Social Media and Surveillance
Our last debate was an interesting one to consider, the topics being social media is ruining childhood, and surveillance of student data and online activities by school systems is necessary to ensure student safety. These are some pretty big topics and I enjoyed hearing both sides of both arguments. And for this post I am going to start with the first debate, the argument is social media ruining childhood.
Without dragging it on, in my opinion social media is ruining a part of our childhood. I am not going to say it ruins our whole childhood but it definitely destroys a part of it. It destroys a child’s imagination, their innocence, and their esteem. Before social media children did much more playing than they did today, they had their toys, made up games, and used their imagination to have fun. Now that does not happen as often, because young children are using social media they should not be allowed to use. Even older children are not playing games, running around like we used to. I remember playing man tracker around town every night when I was younger. And that is quite uncommon today. Children today are also brought up with social media, all of their lives posted online. Even as babies, parents are posting about their children on social media. Children today don’t really have private lives because of social media. As well, as one of Logan’s article talks about, mental health is so much worse today than it was before children were influenced by social media. It is hard for children or teens to think highly of themselves when they see these “perfect” people online.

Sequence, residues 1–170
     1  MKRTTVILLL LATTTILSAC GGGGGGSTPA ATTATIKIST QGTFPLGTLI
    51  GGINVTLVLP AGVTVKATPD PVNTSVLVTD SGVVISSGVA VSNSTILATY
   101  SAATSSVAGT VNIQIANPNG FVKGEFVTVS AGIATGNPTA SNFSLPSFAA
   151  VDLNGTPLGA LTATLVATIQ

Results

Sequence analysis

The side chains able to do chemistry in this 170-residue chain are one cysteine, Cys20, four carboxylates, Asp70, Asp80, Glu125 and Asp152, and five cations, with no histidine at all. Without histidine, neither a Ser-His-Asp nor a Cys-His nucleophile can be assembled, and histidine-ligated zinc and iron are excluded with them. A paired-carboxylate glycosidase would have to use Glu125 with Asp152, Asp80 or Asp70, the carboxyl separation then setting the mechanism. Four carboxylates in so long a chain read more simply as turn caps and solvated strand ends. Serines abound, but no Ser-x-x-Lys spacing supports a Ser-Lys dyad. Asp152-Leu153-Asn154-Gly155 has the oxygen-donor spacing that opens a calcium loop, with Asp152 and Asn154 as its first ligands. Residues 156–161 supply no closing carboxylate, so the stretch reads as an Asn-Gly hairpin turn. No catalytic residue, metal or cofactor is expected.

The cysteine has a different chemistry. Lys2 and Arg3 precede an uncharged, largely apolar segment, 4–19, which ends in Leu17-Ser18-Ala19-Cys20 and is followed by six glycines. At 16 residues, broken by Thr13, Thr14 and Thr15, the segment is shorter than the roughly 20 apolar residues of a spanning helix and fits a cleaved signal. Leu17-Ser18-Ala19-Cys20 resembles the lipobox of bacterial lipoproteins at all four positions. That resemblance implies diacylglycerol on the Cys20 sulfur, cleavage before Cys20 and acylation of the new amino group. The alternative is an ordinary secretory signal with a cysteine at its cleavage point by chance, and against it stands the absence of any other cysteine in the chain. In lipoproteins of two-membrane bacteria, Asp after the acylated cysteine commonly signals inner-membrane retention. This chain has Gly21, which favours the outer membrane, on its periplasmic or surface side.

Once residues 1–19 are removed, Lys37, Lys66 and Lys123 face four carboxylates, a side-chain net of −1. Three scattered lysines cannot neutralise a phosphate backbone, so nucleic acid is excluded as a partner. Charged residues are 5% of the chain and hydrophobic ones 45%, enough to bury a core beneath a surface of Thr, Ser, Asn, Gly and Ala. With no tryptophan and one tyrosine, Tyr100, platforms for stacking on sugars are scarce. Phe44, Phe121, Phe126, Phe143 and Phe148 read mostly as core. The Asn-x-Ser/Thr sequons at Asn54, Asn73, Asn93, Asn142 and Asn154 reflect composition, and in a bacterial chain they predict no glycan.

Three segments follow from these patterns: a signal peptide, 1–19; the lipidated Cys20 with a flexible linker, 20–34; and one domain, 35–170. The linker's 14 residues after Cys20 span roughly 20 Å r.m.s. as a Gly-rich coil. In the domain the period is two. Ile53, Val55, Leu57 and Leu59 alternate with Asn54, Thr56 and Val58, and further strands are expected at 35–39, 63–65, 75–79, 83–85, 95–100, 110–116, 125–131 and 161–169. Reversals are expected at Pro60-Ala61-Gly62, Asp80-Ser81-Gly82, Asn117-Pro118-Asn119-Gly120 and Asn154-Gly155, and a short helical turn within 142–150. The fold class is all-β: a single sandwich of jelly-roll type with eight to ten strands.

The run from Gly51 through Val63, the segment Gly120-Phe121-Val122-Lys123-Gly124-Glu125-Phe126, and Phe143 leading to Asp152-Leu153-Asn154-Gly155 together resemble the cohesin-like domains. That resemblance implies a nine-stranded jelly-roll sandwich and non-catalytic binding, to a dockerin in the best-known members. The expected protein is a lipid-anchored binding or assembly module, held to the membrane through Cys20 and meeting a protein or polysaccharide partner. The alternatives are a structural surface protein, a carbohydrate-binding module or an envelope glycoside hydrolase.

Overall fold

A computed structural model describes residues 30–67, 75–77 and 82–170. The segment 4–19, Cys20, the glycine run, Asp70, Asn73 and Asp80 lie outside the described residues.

Now looking at the other side, social media has improved childhood, especially since Covid. We can interact with people we would not normally be able to. Fond new hobbies and sources of entertainment when it is hard to get outside. There are other educational benefits to social media as well. One of Molly’s articles talks about how social media improves literacy, communication, and reading skills. This is obviously a big thing for children to be learning, as these are essential skills they will use for life. Overall, as I feel will end up being a theme during these debates, one side is not a clear winner. Both arguments have valid points and although social media can be beneficial to one’s childhood, it also has negative effects.
Moving on to the next debate, should schools keep tabs on student data and online activity. This one I am a little less in the middle of. Schools should not track a students activity online, and many great points were brought up in class to explain why. Why should we track students online activity, when they will look up what they want from home. We cannot stop them outside of school, so it is not really protecting them from anything. Not to mention the privacy concerns that Jesse’s article talks about. It is a very thin line between surveillance and stalking, and not long before it can get too far. As Jesse talked about in the debate, it is better that we educate students instead of track them. Why not teach them the dangers that come with being online, teach them about digital literacy, after all, that is what this class is about. We are learning how to use technology to educate students and teach them how to be responsible digital citizens. And that is what I think the answer to this debate is.